Historians are scouring the globe for these 'most wanted' 'Iolani Palace artifacts

Most wanted missing items from Iolani Palace
Published: Mar. 13, 2018 at 7:30 PM HST|Updated: Mar. 14, 2018 at 12:01 PM HST
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HONOLULU (HawaiiNewsNow) - America's only royal residence needs help locating priceless missing items.

Thousands of artifacts are out there somewhere, either purchased a century ago at auctions following the overthrow of the Hawaiian monarchy in 1893, sold-off by the territorial and state governments, or handed down in families through the generations.

'Iolani Palace has created a "most wanted" list to assist in the search, hunting everywhere from auction houses to Craigslist for new leads.

There's an estimated 5,000 pieces still at large.

Palace employees and volunteers have been searching for some items for more than 50 years, many of which have been scattered around the world.

If you think you may have original furniture, other items from the palace collections, or information about their whereabouts, please contact the curator.

Here's a list of what palace historians say are the "most wanted" items:

  • King Kalakaua's bedroom suite Items

Some 225 pieces of furniture were ordered from A.H. Davenport Company of Boston during construction of the new palace.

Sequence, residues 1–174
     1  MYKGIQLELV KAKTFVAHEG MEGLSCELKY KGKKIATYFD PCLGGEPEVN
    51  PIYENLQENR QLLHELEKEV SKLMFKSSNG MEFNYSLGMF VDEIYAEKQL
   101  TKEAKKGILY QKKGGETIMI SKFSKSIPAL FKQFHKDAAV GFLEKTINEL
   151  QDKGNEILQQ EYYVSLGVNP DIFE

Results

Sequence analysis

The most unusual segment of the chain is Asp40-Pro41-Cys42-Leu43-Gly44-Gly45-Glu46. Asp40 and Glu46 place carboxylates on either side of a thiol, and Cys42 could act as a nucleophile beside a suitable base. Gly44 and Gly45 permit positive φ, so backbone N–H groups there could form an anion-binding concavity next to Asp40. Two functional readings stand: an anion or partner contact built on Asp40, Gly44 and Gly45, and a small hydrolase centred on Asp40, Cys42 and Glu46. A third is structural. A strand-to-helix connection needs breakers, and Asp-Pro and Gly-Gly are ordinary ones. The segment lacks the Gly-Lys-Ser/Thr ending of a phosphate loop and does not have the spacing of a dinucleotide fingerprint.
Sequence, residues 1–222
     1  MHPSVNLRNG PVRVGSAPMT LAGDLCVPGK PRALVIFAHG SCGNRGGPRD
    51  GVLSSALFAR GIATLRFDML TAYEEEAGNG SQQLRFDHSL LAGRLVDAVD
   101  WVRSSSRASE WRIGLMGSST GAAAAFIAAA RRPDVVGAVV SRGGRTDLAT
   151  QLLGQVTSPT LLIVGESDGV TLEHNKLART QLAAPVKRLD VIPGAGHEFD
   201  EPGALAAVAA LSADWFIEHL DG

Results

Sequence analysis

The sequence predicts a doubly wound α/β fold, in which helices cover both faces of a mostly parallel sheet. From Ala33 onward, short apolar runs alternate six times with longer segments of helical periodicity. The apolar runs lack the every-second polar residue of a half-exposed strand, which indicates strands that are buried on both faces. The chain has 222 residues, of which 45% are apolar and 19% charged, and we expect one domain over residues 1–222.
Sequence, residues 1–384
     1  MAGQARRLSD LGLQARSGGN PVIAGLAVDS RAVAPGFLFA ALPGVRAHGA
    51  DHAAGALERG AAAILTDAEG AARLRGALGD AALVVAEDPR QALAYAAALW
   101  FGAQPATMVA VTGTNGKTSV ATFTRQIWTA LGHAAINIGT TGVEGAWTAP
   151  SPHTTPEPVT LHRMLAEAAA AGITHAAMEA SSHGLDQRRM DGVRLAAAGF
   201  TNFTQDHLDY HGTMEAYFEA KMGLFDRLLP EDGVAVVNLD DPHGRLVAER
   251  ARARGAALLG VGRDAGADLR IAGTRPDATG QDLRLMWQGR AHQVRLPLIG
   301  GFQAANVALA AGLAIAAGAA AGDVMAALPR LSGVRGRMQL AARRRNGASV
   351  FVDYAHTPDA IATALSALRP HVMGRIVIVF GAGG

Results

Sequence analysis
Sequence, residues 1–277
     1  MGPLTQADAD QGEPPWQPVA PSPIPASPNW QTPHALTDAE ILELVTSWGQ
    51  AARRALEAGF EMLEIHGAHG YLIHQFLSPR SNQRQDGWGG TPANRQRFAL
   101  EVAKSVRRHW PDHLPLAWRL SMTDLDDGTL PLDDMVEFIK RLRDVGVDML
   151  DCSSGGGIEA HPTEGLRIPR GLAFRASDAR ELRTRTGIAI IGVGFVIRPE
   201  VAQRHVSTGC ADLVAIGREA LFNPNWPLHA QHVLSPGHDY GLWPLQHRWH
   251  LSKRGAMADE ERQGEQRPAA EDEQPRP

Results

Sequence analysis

The four bedrooms on the second floor were each decorated with similar pieces of furniture, in different woods and upholstery fabrics.

The king's bedroom was decorated in light blue with ebony and gilt furniture. Most of the king's bedroom set is missing.

  • Gothic revival hutch 

The hutch's last known location was the Haleiwa Hotel.

The building was demolished in 1952, though, and its twin has been recovered and is located in the upper palace hallway.

  • Spelter statues

Spelter, a metal alloy made with zinc, was a popular inexpensive substitute for bronze in the late 19th century.

The palace says a figure from a grand hall wall has yet to be located.

Smaller statues were scattered throughout the palace, including those displayed on wall brackets in the king's bedroom and library.

  • Large dining room chair 

The dining room also had furniture made by the A.H. Davenport Company.

Two of the chairs were large and used by the hosts.

Only one of the large chairs has been located, historians don't know what happened to the other one.

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